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Global investment banking fees hit record levels amid a surge in issuance activity in the first half of 2020, according to data from Refinitiv.

Total fees rose by 10% in the first half to an estimated US$58.4 billion, the firm said, noting that this represents the strongest start on record.

A surge in both equity and debt issuance drove the increase in banking revenues, Refinitiv said, with debt underwriting fees jumping 31% to top the US$20 billion mark for the first time ever.

Equity underwriting didn’t quite hit all-time records, but fees rose 38% from the same period last year to their strongest showing in five years.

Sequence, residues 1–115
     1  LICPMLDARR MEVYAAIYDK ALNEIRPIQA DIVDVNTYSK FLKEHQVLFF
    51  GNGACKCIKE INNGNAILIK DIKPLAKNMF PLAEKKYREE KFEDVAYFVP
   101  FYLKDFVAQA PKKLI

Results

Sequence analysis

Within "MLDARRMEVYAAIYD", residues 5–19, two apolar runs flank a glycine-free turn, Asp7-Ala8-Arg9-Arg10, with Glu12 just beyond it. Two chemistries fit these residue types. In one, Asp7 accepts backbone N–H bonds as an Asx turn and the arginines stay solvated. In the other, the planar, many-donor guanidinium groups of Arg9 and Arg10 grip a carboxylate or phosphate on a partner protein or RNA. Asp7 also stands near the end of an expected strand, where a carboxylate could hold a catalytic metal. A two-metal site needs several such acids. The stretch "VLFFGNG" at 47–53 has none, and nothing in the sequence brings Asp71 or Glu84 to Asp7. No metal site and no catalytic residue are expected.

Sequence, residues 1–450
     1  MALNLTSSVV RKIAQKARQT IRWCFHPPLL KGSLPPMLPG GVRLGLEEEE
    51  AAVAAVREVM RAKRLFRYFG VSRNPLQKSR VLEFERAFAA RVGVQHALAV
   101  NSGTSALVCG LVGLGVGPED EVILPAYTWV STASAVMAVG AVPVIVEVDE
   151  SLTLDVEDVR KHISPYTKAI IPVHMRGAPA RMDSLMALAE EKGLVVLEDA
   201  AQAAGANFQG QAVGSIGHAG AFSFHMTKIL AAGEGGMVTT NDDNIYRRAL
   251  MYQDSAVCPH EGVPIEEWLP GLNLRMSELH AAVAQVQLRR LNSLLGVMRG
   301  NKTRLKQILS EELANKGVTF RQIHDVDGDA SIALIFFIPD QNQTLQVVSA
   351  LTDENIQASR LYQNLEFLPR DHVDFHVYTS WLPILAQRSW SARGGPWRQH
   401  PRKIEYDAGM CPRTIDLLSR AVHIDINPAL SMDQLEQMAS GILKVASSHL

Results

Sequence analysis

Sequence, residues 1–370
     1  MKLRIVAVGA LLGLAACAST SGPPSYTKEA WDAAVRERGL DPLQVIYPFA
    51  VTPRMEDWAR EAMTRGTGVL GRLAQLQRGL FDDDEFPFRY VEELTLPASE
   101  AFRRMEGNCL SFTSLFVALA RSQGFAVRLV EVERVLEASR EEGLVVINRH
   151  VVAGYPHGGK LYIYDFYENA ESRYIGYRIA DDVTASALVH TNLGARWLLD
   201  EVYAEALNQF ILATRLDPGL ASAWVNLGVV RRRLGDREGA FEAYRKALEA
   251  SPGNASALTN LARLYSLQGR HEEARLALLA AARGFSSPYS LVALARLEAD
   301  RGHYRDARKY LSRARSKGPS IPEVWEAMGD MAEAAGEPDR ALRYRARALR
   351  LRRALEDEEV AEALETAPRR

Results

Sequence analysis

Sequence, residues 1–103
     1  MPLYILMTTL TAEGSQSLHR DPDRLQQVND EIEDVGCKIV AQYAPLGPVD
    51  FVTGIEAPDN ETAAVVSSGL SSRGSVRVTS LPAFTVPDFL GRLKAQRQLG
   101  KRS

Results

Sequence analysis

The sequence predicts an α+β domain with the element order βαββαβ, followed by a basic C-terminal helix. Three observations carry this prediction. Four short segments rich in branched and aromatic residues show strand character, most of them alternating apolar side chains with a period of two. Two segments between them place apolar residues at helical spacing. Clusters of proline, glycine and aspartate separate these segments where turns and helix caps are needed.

The increase in issuance activity came in the wake of an unprecedented economic disruption, which sparked a push for firms to seek financing as revenues dropped off.

The surge in underwriting activity was somewhat offset by a decline in M&A fees and a drop in syndicated lending.

Refinitiv reported that M&A advisory fees fell by 15% from a year ago to US$13.3 billion, and syndicated lending was down 21% to US$10.3 billion.

The global financial sector accounted for over a quarter of the fees generated in the first half — US$15.5 billion worth — followed by the industrials sector at US6.8 billion and the energy sector with US$5.1 billion.

JP Morgan held on to its spot as the top global investment bank by estimated fees, Refinitiv said, with US$4.6 billion in first half fees.

Goldman Sachs ranked second and BofA Securities was third.

RBC Capital Markets was the leading Canadian firm in the global rankings, in 12th place, down one spot from last year.

TD Securities Inc. was the only other Canadian shop in the top 25, holding on to 22nd place in the global rankings.